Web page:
1983 Squier Jazz Bass

1983 Squier Jazz Bass

1990 Fender Jaguar, which now belongs to my partner in noise.

1986 Fender Esquire Custom

1989 Fender Precision Bass, '62 Reissue

1985 Squier Stratocaster

Main Squeeze: Fender Road Worn Precision Bass

It's been three years since I first picked up my #1 bass. Not sure what took me so long to gush about it, but here goes!

It is fairly well-established fact that the Fender Precision Bass is the most ubiquitous bass guitar on the planet. It's really no surprise why - the P-Bass is the perfect marriage of the Stratocaster's spage-age looks and comfort and the Telecaster's no-frills construction.

This is also the reason it took me so long to warm up to it. 

My search to find the right guitar/bass has always been an attempt to make really quirky, odd instruments work as if they were their well-established (read: boring) cousins. 

Try as I may, though, a Guild Starfire is not a P-Bass. a Rickenbacker 4003 is not a P-Bass. A Gibson Thunderbird is not a P-Bass. Only a P-Bass has that versatile tone that comfortably slips into any type of music, and does so while boasting an instantly-familiar feel and balance.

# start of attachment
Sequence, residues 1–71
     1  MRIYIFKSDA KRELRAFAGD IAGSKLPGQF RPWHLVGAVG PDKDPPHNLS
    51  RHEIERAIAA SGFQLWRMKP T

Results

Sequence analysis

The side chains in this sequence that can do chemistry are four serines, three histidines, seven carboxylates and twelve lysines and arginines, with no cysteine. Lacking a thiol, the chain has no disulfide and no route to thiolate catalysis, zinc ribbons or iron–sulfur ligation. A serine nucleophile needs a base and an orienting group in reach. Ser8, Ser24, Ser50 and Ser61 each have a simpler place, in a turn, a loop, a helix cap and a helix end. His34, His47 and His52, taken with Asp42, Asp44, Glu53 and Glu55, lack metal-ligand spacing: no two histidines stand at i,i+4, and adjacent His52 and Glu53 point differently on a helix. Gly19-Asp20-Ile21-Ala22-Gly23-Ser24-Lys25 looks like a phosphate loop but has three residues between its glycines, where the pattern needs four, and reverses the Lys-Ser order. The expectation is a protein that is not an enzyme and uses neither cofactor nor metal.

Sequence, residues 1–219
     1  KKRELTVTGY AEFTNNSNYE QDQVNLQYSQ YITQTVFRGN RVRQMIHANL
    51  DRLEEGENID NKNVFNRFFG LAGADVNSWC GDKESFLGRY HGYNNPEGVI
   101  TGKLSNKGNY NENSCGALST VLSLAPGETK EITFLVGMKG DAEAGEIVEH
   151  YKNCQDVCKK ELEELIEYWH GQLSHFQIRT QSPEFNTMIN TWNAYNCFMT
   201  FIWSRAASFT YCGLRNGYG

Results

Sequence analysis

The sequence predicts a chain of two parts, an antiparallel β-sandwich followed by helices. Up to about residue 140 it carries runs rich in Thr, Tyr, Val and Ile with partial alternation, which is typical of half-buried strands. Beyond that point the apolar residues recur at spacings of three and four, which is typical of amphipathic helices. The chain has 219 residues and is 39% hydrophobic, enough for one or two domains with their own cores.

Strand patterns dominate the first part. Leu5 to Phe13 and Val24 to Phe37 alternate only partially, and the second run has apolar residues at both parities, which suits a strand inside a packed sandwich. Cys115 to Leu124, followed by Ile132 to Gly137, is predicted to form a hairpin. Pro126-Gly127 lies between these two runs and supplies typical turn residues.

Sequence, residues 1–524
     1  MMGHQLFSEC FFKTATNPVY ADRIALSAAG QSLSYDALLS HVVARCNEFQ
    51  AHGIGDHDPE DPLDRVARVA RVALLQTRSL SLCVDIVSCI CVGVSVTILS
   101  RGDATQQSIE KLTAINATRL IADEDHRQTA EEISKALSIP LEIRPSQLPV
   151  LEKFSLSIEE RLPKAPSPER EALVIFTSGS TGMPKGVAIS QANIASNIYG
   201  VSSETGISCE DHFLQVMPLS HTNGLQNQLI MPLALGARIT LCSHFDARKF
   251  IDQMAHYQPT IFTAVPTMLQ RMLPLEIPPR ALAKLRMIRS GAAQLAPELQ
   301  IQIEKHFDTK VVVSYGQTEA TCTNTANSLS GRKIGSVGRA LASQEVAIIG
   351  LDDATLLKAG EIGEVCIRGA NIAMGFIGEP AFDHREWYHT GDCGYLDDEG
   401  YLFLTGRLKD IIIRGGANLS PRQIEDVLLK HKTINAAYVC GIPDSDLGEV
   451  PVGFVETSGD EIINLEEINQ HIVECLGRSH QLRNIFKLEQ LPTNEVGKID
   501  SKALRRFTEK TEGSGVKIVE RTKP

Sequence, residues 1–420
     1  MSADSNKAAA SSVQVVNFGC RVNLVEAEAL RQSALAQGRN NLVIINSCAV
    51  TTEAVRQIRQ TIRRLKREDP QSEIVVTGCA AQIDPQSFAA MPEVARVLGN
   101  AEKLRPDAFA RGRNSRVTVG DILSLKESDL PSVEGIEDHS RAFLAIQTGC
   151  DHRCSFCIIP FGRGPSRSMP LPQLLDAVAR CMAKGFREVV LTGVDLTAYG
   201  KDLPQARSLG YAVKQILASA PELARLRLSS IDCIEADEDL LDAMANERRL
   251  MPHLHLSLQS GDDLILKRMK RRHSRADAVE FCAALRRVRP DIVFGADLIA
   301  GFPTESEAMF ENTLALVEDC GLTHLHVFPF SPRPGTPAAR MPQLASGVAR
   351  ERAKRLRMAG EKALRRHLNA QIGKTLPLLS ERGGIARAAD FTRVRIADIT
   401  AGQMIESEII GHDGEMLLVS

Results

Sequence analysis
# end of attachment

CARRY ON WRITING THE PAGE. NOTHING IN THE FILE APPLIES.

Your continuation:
I got my P-Bass - a Fender Road Worn model - three years ago this week, on December 30th, 2011. The idea of owning a Precision was already firmly planted - I had been getting heavily into Bruce Thomas' absolutely brilliant playing and tone on all those early Elvis Costello and The Attractions records, not to mention always digging James Jamerson's P-Bass wizardry. Plus, I wasn't happy with the basses I was playing; my main bass was a Classic Stingray which I had been playing for two years. It looked gorgeous and had super low action, but it weighed a ton and had an absolutely pathetic D/G string volume, an issue which I simply could not solve. 

On the Talkbass forum one day, I stumbled upon a thread whereupon the virtues of the Road Worn bass series (which includes a P-Bass and a Jazz Bass) were being almost unanimously extolled by the notoriously picky posters there. I was not aware that these basses were so beloved and instantly got to looking for a used one. As luck would have it, there happened to be one on craigslist in Brooklyn. I drove there and bought it that very day.

I played it at my gig that very night, and it has not missed a gig since (thats 152 gigs across 5 states).